Shirley Jackson`s The Lottery
In “The Lottery”, Shirley Jackson displays how far people have strayed from the face of humanity through corrupt faddism. The author begins by describing June 27th as a perfectly normal summer day in a small village of only a few hundred people. Mr. Summers, the head in charge of the lottery, goes through a great deal of preparation before the lottery event. He must write up the names of each head member of the family and the family’s members some time before the faithful day and place them in a worn, shabby black box.
Although the ritual has become old in its years, the villagers still remember the process and to gather small stones and throwing rocks for the end of the event. The lottery begins with Mr. Summers calling the head of the families to come and pick out a slip of paper from the black box. As each head of the family opens their paper simultaneously, Bill Hutchinson opens his to see that his family has received the marked paper.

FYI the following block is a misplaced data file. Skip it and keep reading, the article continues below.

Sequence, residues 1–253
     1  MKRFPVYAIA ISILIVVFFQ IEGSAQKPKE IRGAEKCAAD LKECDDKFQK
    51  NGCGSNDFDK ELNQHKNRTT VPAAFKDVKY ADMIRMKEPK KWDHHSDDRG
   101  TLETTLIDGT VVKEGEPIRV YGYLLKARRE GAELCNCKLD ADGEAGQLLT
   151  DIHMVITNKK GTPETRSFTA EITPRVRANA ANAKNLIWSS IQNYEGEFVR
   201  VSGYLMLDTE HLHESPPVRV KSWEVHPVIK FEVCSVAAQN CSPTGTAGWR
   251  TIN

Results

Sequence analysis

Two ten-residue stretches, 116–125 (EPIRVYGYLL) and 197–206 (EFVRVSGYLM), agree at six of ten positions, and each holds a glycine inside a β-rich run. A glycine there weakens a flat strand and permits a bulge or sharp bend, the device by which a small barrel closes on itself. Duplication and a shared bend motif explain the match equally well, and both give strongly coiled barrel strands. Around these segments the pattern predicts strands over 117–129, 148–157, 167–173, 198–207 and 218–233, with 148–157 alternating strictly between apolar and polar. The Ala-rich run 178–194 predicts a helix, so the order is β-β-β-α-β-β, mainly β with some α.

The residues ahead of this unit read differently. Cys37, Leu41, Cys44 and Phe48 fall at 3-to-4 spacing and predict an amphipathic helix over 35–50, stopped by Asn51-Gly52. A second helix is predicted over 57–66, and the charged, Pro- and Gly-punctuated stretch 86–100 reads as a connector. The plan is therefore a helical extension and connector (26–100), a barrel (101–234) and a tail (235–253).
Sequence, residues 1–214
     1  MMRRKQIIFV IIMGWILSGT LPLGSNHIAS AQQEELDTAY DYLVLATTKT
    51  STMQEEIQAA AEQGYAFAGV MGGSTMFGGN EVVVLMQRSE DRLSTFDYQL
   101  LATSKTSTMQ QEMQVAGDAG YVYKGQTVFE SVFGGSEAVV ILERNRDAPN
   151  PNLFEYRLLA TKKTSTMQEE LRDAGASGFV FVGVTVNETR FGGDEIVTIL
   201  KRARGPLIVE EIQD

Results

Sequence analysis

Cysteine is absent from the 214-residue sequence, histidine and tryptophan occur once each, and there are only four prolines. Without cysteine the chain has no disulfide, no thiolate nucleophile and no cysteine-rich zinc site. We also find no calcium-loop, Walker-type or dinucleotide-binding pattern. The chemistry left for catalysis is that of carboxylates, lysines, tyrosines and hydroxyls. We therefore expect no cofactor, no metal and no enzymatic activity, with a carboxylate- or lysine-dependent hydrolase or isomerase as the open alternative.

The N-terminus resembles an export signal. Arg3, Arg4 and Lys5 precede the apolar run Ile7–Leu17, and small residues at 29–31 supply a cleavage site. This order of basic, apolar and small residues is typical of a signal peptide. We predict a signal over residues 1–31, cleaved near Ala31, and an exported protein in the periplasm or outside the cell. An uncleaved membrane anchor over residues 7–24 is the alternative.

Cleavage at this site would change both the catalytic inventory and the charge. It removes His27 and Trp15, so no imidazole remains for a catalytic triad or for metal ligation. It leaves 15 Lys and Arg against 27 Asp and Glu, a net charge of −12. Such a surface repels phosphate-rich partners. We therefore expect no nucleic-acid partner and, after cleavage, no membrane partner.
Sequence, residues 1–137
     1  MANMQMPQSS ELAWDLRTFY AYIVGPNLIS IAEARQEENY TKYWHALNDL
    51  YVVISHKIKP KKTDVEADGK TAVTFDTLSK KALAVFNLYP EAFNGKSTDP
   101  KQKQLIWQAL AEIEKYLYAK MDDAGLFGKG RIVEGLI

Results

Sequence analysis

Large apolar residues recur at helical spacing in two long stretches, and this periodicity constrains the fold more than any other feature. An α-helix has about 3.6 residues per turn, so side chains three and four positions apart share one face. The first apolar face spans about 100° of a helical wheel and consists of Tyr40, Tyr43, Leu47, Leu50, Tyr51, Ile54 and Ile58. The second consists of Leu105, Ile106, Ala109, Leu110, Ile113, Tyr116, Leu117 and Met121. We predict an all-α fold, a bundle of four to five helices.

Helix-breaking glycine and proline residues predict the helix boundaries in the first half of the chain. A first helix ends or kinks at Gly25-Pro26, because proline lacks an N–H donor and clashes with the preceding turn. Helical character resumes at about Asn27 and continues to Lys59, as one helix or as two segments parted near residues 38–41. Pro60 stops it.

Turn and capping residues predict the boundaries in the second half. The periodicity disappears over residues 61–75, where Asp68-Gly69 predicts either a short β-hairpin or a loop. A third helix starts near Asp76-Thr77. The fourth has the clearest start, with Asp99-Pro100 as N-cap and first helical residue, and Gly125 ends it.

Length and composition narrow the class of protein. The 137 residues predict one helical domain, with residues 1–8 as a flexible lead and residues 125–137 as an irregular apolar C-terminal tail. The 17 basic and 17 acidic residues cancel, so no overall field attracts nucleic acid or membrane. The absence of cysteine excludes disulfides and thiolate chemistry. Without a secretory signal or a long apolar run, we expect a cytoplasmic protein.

Tessie Hutchinson, Bill Hutchinson’s wife, becomes slightly hysteric as she begins to claim that her husband has been cheated in this unfair ritual. This bout of hysteria is quickly hushed, and the Hutchinson family individually draws out papers to find the lucky winner. Mrs. Hutchinson is found with the black dot marring her paper. She is then drawn into a circle as the town villagers prepare for the end of their annual lottery.
In the short story, Mrs. Delacroix shows how her support and resolution makes her a positive role model. Mrs. Delacroix is portrayed as one of Tessie Hutchinson’s friends of the village, they speak as if there are no horrors to come in only moments after their conversation. The small exchange between the two women shows their close relationship and comfortability around each other. Later, after the Bill Hutchinson receives his marked paper, Mrs. Delacroix tries to sedate Tessie’s whimsical exclamations by telling her to remain calm.
Mrs. Delacroix knows all too well that one must not protest or act against this sacramental process. She attempted to diffuse a situation before it got out of hand and disrupted the process of the lottery’s typical ritual. In conclusion, Mrs. Delacroix is one of the most positive role models, in Shirley Jackson’s “The Lottery”, which is shown through her support and resolute thoughts.